The Alaska Human Rights Law prohibits employment practices that discriminate on the basis of disability. The Law covers all public and private employers regardless of size, except for nonprofit educational, charitable, and religious associations (AK Stat. Sec. 18.80.010 et seq.).
A "disability" is defined as:
• A physical or mental impairment that substantially limits one or more major life activities;
• A history of or being misclassified as having such an impairment;
• Having an impairment that does not substantially limit a major life activity but that is treated by the person as constituting such a limitation;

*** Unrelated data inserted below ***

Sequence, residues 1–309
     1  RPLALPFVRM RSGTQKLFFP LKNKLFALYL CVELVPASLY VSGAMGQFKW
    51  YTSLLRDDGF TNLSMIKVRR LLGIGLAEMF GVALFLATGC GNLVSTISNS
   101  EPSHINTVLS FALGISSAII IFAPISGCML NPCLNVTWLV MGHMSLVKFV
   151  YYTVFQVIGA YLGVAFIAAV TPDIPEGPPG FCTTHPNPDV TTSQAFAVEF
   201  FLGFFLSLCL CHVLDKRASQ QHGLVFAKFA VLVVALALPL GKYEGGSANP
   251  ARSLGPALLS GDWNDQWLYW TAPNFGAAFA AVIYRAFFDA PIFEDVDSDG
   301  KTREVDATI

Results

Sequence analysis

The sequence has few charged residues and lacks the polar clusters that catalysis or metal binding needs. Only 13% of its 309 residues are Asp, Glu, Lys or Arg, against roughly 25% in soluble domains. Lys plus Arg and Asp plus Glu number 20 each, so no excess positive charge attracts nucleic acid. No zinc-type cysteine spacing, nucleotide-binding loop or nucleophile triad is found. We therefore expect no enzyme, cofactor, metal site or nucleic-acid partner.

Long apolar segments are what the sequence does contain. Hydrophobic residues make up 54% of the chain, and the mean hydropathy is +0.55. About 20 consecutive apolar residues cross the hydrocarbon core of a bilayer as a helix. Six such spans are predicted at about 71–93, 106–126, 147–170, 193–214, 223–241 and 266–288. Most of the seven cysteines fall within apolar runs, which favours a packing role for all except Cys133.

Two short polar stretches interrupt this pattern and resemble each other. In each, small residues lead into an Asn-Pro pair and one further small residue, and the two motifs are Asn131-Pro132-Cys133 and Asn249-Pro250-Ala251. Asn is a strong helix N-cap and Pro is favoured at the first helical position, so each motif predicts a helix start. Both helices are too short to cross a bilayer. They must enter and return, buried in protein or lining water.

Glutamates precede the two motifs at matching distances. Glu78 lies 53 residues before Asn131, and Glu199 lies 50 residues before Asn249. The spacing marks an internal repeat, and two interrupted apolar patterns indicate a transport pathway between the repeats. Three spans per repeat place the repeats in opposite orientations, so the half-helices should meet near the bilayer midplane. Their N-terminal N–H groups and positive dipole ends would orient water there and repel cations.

• Having an impairment that substantially limits a person's major life activities only as a result of the attitudes of others toward the impairment;
• Having no impairment but being treated by others as having such an impairment; or
• A condition that may require the use of a prosthesis, special equipment for mobility, or a service animal.
Physical or mental impairment. Physical or mental impairment means a physiological disorder or condition, cosmetic disfigurement, or anatomical loss affecting one or more of the following body systems: neurological, musculoskeletal, special sense organs, respiratory including speech organs, cardiovascular, reproductive, digestive, genitourinary, hemic and lymphatic, skin, and endocrine.
An impairment also includes a mental or psychological disorder, including intellectual disability, organic brain syndrome, emotional or mental illness, and specific learning disabilities.
Major life activities. "Major life activities" are functions such as caring for oneself, performing manual tasks, walking, seeing, hearing, speaking, breathing, learning, and ...